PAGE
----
In terms of record-keeping, there are three must-haves for any business. Keeping tabs on all financials is pretty important for the economic health of the company. You want to know exactly where you stand, what projections might look like based upon past and current models, and what might need some adjusting in terms of money coming in versus what is going out. This is where business financial statements most definitely come into play. And the three types business financial statements you want to keep current are Income Statement, Cash Flow Statement, and the Balance Sheet. This guide will walk you through each and explain what the key features are.
1.The Income Statement
The first type of business financial statements is the income statement. So what exactly constitutes a company’s income statement? An income statement is developed to show a business’s profitability over a certain specified period. To do this, on the income statement you will include all sales revenue and then proceed to deduct from that all of your expenses and consequent losses.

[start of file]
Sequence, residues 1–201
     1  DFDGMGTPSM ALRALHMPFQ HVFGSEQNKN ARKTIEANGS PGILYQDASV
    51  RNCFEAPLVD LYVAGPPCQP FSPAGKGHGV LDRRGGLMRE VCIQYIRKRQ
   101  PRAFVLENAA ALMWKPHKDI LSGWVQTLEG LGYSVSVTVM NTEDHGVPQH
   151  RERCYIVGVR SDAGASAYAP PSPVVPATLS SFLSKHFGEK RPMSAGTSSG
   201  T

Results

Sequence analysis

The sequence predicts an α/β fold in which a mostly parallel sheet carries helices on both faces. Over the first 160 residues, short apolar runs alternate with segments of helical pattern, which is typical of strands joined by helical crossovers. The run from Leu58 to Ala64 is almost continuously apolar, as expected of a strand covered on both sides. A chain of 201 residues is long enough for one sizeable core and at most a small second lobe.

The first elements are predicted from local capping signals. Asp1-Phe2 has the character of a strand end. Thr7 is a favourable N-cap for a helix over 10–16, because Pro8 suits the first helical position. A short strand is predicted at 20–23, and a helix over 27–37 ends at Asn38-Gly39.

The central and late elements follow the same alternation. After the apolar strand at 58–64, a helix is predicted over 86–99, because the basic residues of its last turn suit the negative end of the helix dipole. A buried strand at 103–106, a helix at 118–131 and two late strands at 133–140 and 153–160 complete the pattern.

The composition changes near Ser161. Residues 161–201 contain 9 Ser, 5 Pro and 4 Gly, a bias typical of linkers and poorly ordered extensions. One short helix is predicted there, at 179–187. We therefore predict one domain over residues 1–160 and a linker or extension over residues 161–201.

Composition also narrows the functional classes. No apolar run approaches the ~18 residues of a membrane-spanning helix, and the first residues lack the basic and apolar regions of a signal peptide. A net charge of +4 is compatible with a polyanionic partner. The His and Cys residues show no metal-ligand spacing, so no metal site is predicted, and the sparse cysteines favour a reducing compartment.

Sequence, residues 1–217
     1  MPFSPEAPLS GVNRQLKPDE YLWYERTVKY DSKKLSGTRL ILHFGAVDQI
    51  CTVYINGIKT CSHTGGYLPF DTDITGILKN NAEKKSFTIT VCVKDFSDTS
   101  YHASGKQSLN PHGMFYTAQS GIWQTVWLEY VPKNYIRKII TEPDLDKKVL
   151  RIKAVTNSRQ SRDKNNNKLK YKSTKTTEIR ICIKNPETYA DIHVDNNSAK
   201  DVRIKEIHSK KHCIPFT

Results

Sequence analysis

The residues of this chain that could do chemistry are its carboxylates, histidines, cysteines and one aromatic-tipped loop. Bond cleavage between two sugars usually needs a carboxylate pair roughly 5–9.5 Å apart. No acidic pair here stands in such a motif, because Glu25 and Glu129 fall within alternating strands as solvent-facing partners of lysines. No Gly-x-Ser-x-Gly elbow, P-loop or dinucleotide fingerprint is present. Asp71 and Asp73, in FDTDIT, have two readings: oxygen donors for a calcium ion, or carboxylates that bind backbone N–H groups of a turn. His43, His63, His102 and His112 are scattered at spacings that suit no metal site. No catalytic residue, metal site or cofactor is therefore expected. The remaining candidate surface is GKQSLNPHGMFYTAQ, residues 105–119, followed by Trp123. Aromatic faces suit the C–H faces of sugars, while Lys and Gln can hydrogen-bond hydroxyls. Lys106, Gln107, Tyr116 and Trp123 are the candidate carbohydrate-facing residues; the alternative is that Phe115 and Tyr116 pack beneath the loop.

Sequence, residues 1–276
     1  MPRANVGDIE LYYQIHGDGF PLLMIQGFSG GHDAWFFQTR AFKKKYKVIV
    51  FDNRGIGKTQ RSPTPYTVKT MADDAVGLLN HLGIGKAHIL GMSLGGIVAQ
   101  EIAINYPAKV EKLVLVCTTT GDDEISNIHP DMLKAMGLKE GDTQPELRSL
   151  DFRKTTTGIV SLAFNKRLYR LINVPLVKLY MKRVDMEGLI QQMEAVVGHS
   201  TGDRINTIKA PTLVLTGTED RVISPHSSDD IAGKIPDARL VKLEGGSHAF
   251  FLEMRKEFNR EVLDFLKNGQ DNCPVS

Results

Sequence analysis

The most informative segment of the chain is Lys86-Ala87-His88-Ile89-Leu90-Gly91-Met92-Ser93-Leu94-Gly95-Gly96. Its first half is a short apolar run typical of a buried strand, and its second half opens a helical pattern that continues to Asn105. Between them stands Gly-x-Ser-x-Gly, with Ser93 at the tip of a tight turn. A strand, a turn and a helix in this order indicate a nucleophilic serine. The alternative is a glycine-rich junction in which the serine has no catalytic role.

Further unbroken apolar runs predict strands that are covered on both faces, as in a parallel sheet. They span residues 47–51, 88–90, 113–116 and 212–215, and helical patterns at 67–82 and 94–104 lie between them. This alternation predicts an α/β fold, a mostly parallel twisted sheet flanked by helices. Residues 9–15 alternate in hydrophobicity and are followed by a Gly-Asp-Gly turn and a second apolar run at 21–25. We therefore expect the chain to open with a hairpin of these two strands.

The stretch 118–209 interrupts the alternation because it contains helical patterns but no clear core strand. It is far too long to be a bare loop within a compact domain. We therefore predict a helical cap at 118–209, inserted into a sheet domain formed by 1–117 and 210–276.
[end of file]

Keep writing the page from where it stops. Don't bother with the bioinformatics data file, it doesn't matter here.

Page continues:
Most generally, a business will need one of these if they are trying to get a loan from a lender or investor, as the person loaning the money will want a fairly concise idea of how much money the company is making. Internally, this might also be called a profit and loss statement.